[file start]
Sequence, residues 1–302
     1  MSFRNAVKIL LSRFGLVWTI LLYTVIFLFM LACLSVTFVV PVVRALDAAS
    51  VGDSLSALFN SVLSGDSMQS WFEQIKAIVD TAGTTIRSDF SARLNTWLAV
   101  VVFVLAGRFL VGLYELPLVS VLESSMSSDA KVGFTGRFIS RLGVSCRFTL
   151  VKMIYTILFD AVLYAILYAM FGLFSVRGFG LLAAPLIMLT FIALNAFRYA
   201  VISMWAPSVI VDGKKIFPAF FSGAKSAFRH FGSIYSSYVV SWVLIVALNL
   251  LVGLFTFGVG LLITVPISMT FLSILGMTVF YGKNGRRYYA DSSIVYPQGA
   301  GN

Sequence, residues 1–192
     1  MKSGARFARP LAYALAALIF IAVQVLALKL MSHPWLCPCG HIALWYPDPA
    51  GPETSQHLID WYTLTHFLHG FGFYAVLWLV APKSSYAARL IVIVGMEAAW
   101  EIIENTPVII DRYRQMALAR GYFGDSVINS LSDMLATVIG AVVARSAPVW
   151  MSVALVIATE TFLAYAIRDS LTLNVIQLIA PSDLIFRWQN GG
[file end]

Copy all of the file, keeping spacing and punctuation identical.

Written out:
Sequence, residues 1–302
     1  MSFRNAVKIL LSRFGLVWTI LLYTVIFLFM LACLSVTFVV PVVRALDAAS
    51  VGDSLSALFN SVLSGDSMQS WFEQIKAIVD TAGTTIRSDF SARLNTWLAV
   101  VVFVLAGRFL VGLYELPLVS VLESSMSSDA KVGFTGRFIS RLGVSCRFTL
   151  VKMIYTILFD AVLYAILYAM FGLFSVRGFG LLAAPLIMLT FIALNAFRYA
   201  VISMWAPSVI VDGKKIFPAF FSGAKSAFRH FGSIYSSYVV SWVLIVALNL
   251  LVGLFTFGVG LLITVPISMT FLSILGMTVF YGKNGRRYYA DSSIVYPQGA
   301  GN

Sequence, residues 1–192
     1  MKSGARFARP LAYALAALIF IAVQVLALKL MSHPWLCPCG HIALWYPDPA
    51  GPETSQHLID WYTLTHFLHG FGFYAVLWLV APKSSYAARL IVIVGMEAAW
   101  EIIENTPVII DRYRQMALAR GYFGDSVINS LSDMLATVIG AVVARSAPVW
   151  MSVALVIATE TFLAYAIRDS LTLNVIQLIA PSDLIFRWQN GG